Many in the outdoor world were occupying their brain cells and screen time with National Park shutdowns and Front Range flood cleanup during the month of October. But our ilk may also be interested to know October was also National Non-GMO Month, created in 2010 by the non-profit consumer advocacy group Non-GMO Project as a platform for raising awareness about GMOs in our food system.
Genetically Modified Organisms (GMOs) quietly dominate the U.S. food supply. Since widespread introduction into industrial farming practices in 1996, the meteoric rise in bio-engineered crops has risen to comprise 90-plus percent of our national food system in less than two decades.
GMO refers to the direct laboratory altering of an organism’s genome. This may involve mutating, deleting or adding genetic material. GMO giant Mansanto’s popular BT Corn is the laboratory love child of Bacillus thuringiensis, a soil dwelling bacteria that kills caterpillars, and common corn. Consequently, BT Corn secretes its own pesticide to keep off hungry bugs.
The debate being played out through state referendums right now is not about whether or not GMO food is safe, but about labeling. Should food manufacturers have to tell you that you’re eating BT Corn? So far labeling requirements have failed in every single state referendum with the exception of Connecticut and Maine (whose laws won’t go into effect unless all neighboring New England states pass similar legislation). However, this may change soon, if Washington State succeeds in approving Initiative 522 — a measure to require producers to label foods made with genetically modified ingredients on November 5, 2013.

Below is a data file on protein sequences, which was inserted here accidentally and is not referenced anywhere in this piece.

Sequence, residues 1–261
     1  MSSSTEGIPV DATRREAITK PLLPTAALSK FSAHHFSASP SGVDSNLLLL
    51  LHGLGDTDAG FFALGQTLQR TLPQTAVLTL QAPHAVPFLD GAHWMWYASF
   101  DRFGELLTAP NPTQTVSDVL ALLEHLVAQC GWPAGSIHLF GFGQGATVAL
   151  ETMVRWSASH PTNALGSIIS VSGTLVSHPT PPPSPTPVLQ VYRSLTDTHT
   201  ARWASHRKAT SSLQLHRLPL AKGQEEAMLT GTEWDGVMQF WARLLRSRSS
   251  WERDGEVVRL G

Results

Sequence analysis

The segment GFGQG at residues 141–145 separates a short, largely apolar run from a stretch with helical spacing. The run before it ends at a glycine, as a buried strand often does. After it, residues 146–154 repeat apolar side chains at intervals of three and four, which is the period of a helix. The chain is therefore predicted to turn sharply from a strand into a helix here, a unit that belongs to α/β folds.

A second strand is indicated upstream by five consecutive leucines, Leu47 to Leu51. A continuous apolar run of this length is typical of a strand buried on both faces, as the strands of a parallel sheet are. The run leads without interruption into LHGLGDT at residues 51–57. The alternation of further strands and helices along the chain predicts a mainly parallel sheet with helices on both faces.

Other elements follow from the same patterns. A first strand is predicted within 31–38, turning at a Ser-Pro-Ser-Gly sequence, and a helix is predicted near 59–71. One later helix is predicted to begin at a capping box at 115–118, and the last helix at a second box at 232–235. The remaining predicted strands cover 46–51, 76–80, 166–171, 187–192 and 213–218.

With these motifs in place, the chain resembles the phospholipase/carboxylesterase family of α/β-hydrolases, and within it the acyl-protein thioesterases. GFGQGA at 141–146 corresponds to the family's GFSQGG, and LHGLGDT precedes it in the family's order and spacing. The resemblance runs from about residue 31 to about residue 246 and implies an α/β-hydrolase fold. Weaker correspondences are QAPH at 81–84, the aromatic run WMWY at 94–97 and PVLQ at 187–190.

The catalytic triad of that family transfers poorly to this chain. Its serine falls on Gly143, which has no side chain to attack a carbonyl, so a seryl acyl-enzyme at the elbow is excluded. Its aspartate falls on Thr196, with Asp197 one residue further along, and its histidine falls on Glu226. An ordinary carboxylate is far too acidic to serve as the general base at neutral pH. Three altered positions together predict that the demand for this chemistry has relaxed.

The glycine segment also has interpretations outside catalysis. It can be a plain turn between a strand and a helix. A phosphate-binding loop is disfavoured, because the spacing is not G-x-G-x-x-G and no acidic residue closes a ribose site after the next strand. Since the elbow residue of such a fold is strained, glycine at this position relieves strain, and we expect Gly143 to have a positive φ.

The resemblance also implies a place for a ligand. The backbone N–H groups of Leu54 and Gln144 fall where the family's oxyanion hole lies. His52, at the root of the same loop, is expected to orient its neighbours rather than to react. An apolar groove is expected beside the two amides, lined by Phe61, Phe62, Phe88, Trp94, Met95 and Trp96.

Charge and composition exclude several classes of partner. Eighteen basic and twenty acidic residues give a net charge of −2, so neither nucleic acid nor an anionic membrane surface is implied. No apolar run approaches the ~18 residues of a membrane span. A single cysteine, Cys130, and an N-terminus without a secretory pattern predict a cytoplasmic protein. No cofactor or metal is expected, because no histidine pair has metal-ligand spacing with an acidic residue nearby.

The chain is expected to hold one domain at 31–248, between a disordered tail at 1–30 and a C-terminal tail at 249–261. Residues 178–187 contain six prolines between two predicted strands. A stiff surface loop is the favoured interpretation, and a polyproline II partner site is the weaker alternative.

National polls suggest the public’s desire to mandate GMO transparency on grocery shelves is much less divisive than we’re led to believe. One poll conducted this past summer found that 93 percent of Americans think the federal government should require labels on food saying whether it’s been genetically modified, or “bio-engineered.”
As outdoor enthusiasts we’ve always demanded more from our favorite outdoor brands — we want them to take leadership positions in sustainability, fair trade and in preserving the wild landscapes we love; and supporting non-GMO agriculture is a part of this ethos. Fortunately, there are companies embracing the non-GMO movement, paying out-of-pocket for themselves to be rigorously audited and subsequently awarded the Non-GMO Project Verified stamp-of-approval. For example, ProBar, an independently owned natural sports nutrition company based in Salt Lake City, Utah, has elected voluntarily to go 100-percent non-GMO with the entire brand.
In the meantime, until GMO labeling becomes a federal mandate or it eventually finds its way onto the ballot in Colorado, it’s up to individuals to support brands that volunteer themselves as non-GMO compliant companies. Currently, the only national standard that exists is led by the Non-GMO Project. So next time you’re looking to grab snack for a long trail run or hike, or preparing food for a multi-day river trip or backpacking adventure, take a moment to think about what you’re buying into.